So in short, I must not use using namespace std because it's not good if I want to have more than one namespace. I still can't think of why I would use more than one namespace but it kinda makes sense.
    Basically yes, when you declare "using namespace X" it imports everything from X into the current namespace (which is often enough the global namespace/scope).

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    So writing "using namespace std" would search std for every function in my program? Since the command is not interfering with the functions I defined, I assume everything (that is defined by the user) is assumed to be in std namespace?
    No, things defined by the user are in the global namespace by default. In fact a user should never try to add something to the std namespace.

    So every library function belongs to std right?
    No, the only libraries that should use the std namespace are the standard libraries to implement the functions required by the C++ standard.

    So in short, I must not use using namespace std because it's not good if I want to have more than one namespace.
    Using or not using the "using namespace std;" has nothing to do with having more than one namespace. The "using namespace std;" line was really designed to make porting pre-standard C++ code to standard C++ easier. And realize that you always have at least two namespaces, the std namespace and the global namespace.

    I still can't think of why I would use more than one namespace but it kinda makes sense.
    You would use more than one namespace when you start developing real world applications that are more than just one or two user defined classes in more than one or two different files. And you will also start using namespaces when your functions and variables have similar/identical names in multiple libraries. Plus while many instructors allow indiscriminate use of using statements (and many other bad practices) most employers will be very disappointed to see these statements anywhere, except in very limited scope.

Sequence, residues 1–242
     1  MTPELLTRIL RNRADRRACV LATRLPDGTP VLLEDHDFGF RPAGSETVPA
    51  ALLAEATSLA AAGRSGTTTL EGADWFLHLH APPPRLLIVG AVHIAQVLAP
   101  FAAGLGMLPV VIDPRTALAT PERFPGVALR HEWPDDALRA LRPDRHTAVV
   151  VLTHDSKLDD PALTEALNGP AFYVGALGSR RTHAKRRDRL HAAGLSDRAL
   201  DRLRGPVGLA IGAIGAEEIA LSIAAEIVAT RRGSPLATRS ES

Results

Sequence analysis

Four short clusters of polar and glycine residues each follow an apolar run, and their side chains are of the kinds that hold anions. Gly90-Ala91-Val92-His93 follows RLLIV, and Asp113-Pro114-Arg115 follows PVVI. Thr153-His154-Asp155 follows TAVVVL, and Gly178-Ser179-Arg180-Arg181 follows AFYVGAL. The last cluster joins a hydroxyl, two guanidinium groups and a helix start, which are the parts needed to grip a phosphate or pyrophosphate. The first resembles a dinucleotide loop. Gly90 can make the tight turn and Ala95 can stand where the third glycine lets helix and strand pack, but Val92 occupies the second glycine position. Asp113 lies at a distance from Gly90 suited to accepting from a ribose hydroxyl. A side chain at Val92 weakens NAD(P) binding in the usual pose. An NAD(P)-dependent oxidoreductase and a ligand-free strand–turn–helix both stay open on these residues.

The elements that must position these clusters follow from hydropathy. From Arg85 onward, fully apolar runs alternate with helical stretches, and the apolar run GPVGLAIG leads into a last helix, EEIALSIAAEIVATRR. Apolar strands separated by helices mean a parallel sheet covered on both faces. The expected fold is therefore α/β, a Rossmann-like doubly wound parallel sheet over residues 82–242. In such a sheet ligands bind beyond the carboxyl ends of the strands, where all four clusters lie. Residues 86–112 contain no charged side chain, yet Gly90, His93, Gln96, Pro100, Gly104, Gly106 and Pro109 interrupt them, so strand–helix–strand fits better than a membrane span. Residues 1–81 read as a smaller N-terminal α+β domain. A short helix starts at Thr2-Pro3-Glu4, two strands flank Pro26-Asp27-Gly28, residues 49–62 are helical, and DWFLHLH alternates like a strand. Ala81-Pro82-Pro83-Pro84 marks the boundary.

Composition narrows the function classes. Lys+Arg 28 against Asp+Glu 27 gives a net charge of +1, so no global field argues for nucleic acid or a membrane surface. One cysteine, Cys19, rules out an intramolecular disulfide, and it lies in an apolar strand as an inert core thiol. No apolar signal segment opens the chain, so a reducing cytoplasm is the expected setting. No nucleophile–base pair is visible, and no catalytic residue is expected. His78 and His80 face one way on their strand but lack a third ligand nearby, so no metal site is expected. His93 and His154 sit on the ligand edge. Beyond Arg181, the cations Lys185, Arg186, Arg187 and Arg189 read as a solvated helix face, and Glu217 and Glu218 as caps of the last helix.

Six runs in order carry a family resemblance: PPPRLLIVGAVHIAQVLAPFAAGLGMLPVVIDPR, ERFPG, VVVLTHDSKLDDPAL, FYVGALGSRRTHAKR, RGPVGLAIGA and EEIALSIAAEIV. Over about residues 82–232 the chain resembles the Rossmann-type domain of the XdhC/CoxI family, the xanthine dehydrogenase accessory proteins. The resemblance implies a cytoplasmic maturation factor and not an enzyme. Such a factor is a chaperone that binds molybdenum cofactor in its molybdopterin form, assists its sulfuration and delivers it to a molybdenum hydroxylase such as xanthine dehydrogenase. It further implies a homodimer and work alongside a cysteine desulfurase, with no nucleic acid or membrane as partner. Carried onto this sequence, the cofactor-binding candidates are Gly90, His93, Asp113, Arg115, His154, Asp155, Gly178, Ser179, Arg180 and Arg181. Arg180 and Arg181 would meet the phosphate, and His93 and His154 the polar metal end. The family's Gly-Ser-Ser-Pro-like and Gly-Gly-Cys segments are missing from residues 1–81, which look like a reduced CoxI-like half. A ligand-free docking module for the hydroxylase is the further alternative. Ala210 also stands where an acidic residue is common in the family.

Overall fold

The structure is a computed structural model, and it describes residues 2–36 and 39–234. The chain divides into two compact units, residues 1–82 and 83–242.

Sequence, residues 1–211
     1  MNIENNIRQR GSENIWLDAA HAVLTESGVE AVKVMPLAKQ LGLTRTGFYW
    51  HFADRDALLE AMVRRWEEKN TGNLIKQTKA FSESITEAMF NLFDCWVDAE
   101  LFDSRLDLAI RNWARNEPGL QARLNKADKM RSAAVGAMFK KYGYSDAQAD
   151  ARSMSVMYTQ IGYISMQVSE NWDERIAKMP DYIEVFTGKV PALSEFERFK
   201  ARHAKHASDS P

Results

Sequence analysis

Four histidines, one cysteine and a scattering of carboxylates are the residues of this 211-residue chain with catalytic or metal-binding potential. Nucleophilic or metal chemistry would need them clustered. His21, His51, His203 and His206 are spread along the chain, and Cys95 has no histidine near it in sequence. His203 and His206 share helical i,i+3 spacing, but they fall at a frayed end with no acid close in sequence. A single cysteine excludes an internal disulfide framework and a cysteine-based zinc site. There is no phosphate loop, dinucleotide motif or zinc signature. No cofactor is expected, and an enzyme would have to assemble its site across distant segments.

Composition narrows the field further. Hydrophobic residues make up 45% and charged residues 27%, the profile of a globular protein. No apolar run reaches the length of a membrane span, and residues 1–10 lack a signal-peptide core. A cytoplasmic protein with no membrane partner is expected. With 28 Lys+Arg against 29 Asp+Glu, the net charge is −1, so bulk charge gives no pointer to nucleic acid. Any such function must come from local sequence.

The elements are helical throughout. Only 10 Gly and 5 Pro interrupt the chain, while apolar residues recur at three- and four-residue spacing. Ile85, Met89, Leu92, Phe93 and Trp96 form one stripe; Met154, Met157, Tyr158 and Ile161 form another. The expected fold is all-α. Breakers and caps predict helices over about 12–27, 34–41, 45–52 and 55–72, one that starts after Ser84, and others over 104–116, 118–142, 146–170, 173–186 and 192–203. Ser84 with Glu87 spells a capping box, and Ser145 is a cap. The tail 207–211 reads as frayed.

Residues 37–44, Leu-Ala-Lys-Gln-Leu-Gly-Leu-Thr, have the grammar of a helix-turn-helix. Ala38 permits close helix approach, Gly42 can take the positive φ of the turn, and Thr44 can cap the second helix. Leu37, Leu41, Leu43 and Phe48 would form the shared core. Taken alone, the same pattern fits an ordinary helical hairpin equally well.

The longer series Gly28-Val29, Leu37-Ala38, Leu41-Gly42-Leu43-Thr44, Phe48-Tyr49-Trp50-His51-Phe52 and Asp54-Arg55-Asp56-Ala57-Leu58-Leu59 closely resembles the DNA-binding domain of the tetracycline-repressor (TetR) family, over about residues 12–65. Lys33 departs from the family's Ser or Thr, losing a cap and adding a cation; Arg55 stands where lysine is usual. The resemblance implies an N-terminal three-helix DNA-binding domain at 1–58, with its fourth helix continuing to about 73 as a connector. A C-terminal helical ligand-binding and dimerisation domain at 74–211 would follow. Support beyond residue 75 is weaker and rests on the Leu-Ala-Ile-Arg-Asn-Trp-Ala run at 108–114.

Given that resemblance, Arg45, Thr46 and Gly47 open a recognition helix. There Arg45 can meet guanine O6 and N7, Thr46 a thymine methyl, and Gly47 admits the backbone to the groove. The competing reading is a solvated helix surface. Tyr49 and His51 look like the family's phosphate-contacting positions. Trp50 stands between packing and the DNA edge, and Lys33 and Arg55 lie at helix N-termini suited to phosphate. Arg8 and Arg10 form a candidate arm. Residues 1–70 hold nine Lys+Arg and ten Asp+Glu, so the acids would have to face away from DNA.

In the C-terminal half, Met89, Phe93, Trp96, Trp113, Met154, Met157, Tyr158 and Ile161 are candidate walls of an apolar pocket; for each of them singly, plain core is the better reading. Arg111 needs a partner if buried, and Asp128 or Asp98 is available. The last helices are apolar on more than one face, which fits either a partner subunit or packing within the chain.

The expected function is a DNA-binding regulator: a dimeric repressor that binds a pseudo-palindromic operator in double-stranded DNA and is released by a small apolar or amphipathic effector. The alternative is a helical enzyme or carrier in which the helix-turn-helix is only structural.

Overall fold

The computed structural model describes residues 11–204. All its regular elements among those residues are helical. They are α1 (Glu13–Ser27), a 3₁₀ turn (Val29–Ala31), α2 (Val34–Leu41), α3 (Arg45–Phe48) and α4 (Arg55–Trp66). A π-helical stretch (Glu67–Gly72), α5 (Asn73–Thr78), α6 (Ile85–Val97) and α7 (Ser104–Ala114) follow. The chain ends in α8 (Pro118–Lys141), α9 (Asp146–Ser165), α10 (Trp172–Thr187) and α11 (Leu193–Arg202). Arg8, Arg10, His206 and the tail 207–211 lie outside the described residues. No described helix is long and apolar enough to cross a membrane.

You could still use the construct within header-only includes:
    But remember that headers should rarely, if ever, have executable code within the headers unless you are dealing with templates or inline functions.

    Suppose there were two libraries you'd like to use in your code which both have a function called "reverse". If they didn't use namespaces then you'd obviously get a bunch of compile errors.
    No, you will not always get a bunch of compile or even linker errors. This is what makes name collisions so hard to find and what makes proper use of namespaces extremely important. It is possible to have functions with the same name as long as each function has a different signature and if you mix up the parameters you may call an unexpected function producing unexpected results.

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    Registered User Sir Galahad's Avatar
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    Quote Originally Posted by jimblumberg View Post
    No, you will not always get a bunch of compile or even linker errors. This is what makes name collisions so hard to find and what makes proper use of namespaces extremely important. It is possible to have functions with the same name as long as each function has a different signature and if you mix up the parameters you may call an unexpected function producing unexpected results.
    I'd like to take this moment to blame my poor explanation on the lack of any tea or coffee in my system.

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    For future readers, using "using std::cout" or likewise for any other function (ex: using std::endl) is also an option.
    Cheers

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    Informer -Adrian's Avatar
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    Right, and you can do this at function or block scope as well, instead of the whole file:
    Code:
    void fn1()
    {
        using std::vector;
        vector<int> std_vec;
    }
    
    void fn2()
    {
        // vector<int> std_vec; // error
        std::vector<int> std_vec; // ok
    
        xyz::vector<int> xyz_vec;
    }
    Last edited by -Adrian; 2 Days Ago at 04:42 AM.